It takes almost three hours to drive to the Cooloola Coast from home. Rather than do this trip both ways in a day AND complete a large ride, we camped up there the night before.
We awoke in a magical, misty pre-dawn paperbark forest to a birdsong chorus, stowed our gear and made our way to the starting point.
We began our ride at the northern end of Cooloola Way, following Teewah Pump Station Road to the east.
Although the Coast was only eleven kilometres away, our way was blocked by a an imposing wall of sand dunes, two hundred metres high, covered with thick rain forest.
Today would test our navigational skills.
Many of the tracks around here consisted of soft sand. It was tough going on the bikes, even with their large tyres…
… so we took frequent rest stops.
“Camp Milo” marks the start of Pettigrews Road, named after William Pettigrew. In the 1870’s he built a tramway here to haul logs out of the thick forests, over sandy ground, to the mouth of Cooloola Creek in Tin Can Bay. The route was too difficult and soft for bullock drays. A locomotive on rails was the most efficient way to do it.
Nothing much remains of it now, and the forest appears to have forgiven Pettigrew. Trees have grown back as though he was never here.
In some spots you can still see railway cuttings through the sandy hills, where Pettigrew’s Railway went.
Clare got a large stick through her tyre.
We were impressed.
Mike fixed the tube. Clare supervised with the rest of us 🙂
Pettigrews Road was delightfully shaded, keeping us cool from the sun.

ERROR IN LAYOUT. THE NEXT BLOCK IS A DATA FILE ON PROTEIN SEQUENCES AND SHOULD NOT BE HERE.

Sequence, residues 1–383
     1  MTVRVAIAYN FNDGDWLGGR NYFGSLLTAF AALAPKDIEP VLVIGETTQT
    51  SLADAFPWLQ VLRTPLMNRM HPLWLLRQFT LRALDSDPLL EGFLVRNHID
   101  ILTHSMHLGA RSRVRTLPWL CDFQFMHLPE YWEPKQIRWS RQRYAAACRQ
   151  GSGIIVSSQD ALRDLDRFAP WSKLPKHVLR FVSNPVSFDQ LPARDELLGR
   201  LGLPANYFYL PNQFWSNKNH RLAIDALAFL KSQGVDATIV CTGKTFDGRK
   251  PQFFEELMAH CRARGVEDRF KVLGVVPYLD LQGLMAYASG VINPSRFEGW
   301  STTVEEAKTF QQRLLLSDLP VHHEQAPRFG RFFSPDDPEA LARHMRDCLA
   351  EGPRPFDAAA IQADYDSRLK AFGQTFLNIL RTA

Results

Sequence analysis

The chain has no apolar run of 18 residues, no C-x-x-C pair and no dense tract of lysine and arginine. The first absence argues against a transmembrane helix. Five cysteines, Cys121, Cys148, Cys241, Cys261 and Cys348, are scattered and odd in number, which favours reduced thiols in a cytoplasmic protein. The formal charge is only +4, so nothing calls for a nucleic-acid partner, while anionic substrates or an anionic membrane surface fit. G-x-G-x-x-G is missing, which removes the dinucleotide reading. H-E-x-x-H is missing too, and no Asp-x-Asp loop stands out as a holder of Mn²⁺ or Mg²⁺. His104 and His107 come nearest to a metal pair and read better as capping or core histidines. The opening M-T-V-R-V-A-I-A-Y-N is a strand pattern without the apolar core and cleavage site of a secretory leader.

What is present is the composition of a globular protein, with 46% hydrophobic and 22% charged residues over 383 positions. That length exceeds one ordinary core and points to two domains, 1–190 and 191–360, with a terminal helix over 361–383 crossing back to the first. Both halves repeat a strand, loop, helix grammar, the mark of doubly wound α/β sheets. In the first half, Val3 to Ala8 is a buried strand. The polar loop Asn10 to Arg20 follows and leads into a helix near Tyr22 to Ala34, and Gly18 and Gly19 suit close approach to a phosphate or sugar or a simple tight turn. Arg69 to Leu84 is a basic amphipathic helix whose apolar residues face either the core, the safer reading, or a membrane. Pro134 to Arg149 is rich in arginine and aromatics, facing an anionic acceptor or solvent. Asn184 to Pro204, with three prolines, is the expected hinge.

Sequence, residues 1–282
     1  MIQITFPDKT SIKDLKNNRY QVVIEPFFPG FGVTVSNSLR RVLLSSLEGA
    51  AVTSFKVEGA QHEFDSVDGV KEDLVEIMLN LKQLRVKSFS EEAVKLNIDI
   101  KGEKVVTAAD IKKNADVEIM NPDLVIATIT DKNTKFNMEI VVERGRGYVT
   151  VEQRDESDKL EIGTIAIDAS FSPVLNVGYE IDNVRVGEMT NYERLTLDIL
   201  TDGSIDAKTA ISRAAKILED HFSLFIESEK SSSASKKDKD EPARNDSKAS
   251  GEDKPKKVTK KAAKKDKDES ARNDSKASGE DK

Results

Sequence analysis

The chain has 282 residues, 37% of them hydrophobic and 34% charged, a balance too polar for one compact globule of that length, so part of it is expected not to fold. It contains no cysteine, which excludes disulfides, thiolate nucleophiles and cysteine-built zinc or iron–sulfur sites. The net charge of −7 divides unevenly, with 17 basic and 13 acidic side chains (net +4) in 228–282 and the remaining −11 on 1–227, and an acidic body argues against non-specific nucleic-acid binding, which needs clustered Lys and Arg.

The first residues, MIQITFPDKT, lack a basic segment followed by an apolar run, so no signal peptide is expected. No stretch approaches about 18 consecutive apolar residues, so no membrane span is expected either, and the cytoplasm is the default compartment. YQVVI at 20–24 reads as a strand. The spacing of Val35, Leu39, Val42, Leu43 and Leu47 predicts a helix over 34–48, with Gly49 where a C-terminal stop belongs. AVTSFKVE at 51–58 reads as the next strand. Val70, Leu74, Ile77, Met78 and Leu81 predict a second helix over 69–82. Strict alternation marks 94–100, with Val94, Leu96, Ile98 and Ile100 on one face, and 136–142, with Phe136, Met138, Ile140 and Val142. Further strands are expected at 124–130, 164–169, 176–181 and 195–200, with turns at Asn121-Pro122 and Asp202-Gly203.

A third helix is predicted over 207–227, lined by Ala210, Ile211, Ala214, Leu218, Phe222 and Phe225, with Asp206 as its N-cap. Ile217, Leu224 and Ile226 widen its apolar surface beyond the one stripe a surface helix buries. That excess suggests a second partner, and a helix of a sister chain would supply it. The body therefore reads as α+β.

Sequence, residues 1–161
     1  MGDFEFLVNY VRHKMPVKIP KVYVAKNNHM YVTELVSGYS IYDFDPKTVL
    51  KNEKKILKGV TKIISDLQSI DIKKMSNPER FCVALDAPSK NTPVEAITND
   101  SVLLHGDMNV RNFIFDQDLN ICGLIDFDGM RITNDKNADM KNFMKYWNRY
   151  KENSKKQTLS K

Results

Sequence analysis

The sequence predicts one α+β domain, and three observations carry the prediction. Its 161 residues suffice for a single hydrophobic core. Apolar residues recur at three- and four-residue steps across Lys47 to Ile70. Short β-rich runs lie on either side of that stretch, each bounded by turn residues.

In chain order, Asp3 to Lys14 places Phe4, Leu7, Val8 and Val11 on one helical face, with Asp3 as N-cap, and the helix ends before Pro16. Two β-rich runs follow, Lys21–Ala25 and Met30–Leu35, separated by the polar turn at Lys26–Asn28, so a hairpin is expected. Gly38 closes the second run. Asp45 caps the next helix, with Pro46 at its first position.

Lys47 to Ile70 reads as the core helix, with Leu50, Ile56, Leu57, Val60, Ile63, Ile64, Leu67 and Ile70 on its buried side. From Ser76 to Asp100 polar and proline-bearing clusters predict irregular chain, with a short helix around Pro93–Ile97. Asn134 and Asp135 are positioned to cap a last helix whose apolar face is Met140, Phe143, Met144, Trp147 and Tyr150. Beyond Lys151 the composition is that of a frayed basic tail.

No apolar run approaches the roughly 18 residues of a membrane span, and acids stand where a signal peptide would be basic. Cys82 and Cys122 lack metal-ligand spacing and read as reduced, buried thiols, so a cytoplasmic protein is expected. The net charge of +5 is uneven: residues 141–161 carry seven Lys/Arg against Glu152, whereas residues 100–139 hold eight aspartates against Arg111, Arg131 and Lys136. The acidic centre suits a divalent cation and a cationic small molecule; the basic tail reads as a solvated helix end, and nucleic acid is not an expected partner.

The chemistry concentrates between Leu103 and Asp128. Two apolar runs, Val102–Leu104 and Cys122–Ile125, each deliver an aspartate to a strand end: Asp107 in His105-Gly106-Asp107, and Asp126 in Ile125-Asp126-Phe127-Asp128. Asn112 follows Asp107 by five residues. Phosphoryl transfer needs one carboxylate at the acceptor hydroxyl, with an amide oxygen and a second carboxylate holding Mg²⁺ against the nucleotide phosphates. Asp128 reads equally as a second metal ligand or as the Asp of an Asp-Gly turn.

We took a detour along Broutha Scrub Road at the top of the hill.
The road is gated, so we knew that motor vehicles hadn’t driven on it. This meant the surface would be firmer because it wouldn’t have been churned up by car tyres.
It’s amazing how much easier it is to ride on sand when it hasn’t been broken up by heavy vehicles.
After half an hour, we met up with the main track again, crossed it, and followed a narrow leaf-covered path through the trees.
The track emerged at a campsite for hikers on the Great Walk.
It’s a stunning spot set under towering trees.
We took the opportunity to have another rest. Pedaling in the heat on soft sand is hard work.
After a brisk downhill run we came out at the Freshwater Walking Track.
I gave out a “whoop” of joy. We’d been here before. I knew this track could get us to Rainbow Beach, so we answered the question we had posed ourselves at the start of the day.
The others looked at me strangely.
“What’s wrong with this bloke who gets excited about sign posts in the forest?”
We stopped briefly at Freshwater Lake.
Normally this lake is brimming with cool clear water. Sadly, it has been depleted because of the recent long run of hot dry weather.
A couple of other people swam in it, but we figured we could find a nicer place to swim a little later in the day.
After a short stop at the Freshwater picnic area, we followed another narrow track through the trees to the beach.